Simple Business Continuity Plan – Preparation
Who’s in charge?
The person put in charge of coming up with a business Disaster Recovery or Continuity Plan is often not an expert in the field. In fact, most often in a small business the job is simply “assigned” to someone in the company – someone in IT, or human relations, or facilities management. But “Business Continuation” means a whole lot more than simply saving data, or meeting OSHA requirements. It means keeping the whole organization functioning so you will all be employed six months or a year from now!
Unfortunately, statistics on going out of business as the result of a disaster are not reliable – but it appears that even in the best of cases, your business’ chance of survival after a disaster without a plan are only about 60%. (“Business Continuity Statistics: Where Myth Meets Facts” documents often-quoted reports.)
Typical first step: Hire an expert — but with what result?
The logical first step for the newly-assigned person is to hire a consultant, who IS a specialist. That individual or group submits its proposal, wins the contract, and then gets down to the research necessary to draft “The Plan.” Some weeks or even months later, “The Plan” is submitted. It may be approved and accepted.
In our experience, this method handicaps the consultant, who faces a dual challenge. He or she doesn’t know all the subleties of your business operations. And he or she may be forced to bid on putting a plan together that covers a number of bases without having access to all the factors that will impact the veracity of the plan. As a result, the needs analysis task is underestimated and the final plan misses some of the subtle but important factors that make the plan meaningful and credible.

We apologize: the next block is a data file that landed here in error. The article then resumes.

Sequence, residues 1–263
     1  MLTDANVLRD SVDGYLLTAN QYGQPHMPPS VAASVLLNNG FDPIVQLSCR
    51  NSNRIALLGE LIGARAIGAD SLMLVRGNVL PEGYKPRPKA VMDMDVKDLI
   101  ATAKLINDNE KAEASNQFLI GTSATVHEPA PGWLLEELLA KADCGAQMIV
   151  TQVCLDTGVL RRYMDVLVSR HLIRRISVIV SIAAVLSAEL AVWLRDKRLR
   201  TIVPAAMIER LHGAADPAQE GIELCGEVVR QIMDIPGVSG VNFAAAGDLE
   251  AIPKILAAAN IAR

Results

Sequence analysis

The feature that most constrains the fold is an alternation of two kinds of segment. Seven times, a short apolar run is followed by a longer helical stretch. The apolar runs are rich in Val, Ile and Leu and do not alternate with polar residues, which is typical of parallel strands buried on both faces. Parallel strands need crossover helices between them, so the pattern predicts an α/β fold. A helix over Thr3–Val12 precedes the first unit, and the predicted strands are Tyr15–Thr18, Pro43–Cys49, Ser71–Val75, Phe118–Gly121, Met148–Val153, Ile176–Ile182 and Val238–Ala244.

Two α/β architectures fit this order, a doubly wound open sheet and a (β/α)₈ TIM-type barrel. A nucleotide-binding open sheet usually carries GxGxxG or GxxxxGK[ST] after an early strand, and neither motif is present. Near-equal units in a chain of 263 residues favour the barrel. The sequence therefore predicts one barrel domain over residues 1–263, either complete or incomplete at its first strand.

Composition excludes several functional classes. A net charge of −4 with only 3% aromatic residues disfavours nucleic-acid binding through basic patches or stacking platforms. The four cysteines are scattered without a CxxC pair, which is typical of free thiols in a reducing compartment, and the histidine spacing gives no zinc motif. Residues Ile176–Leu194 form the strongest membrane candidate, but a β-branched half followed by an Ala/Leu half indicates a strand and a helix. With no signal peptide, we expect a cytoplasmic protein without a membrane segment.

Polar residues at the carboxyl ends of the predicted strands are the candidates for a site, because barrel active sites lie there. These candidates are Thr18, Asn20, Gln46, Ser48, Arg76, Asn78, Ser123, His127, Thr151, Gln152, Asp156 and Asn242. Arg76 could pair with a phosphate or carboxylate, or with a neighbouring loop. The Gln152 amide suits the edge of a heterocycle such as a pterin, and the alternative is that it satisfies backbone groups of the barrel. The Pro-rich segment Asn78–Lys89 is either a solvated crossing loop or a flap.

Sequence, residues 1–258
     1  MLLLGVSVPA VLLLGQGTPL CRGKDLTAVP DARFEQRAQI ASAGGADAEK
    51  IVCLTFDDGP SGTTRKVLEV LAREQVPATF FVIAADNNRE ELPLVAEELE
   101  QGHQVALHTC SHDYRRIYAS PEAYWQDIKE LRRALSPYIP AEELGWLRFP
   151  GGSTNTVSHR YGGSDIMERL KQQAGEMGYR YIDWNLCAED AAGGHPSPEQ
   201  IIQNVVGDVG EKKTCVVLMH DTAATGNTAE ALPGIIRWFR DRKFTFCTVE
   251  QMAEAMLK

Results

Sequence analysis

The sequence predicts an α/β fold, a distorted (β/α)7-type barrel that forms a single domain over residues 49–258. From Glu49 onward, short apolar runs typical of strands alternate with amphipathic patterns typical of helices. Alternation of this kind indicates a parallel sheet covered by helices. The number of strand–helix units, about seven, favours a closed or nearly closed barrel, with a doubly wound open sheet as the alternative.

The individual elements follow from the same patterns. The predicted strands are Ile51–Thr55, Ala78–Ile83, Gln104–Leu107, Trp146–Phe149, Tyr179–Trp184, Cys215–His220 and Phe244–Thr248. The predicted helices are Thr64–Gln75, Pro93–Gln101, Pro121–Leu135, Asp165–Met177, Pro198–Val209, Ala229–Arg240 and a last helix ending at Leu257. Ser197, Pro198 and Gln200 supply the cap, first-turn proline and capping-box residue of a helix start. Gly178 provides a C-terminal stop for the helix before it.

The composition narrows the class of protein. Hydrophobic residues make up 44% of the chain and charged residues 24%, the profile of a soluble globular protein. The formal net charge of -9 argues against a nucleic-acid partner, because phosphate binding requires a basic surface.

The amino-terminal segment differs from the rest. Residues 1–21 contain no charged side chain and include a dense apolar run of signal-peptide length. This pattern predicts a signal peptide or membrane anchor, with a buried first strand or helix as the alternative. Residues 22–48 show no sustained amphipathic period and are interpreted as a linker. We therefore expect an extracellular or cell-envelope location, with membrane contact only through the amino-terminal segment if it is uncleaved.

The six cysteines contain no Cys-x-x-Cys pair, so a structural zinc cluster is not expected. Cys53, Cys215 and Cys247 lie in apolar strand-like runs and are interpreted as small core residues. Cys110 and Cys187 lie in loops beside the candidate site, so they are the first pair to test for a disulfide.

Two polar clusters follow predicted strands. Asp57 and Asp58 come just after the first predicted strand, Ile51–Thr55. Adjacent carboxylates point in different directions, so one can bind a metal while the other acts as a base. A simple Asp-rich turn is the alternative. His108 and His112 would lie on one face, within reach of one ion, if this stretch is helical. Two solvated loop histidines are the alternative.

If you go the route of seeking bids from consultants, you can help avoid this pitfall by doing some of the homework in advance. That way when (and if) you bring an expert planner into the organization they start with enough facts to bid realistically on pulling the plan together and are more likely to produce a real working plan that will save both lives and property.
Nevertheless, the result of these challenges is that most outside-developed plans we have seen (and we have seen many of them) are:
√ Very thick and intimidating (to justify the fee?)
√ Complex (to cover all the bases or the rear of the consultant)
√ Filled with jargon and therefore unreadable by the very people the plan is meant to protect!
Result: Plan goes onto the shelf.
Isn’t there a better process? Of course, and particularly for small businesses. Our recommendation is as follows.
Alternative method: Create the plan in-house.
Creating the Plan in-house requires more time and more dedication from the person in charge than simply hiring an outside expert to put it together for you. And it requires that employees at all levels be involved.
Over the years, we have found some good ways to encourage participation from within the organization — ideas which we’ll be sharing in the next Advisory, and also in a more complete form on our website.
If you’re in a hurry to learn more about the In-House Planning Method, here are links to the next two installments in this series:
And if you know you need to get started right now, find out more about our free 6-page report: How to Build A Simple Business Continuation Plan.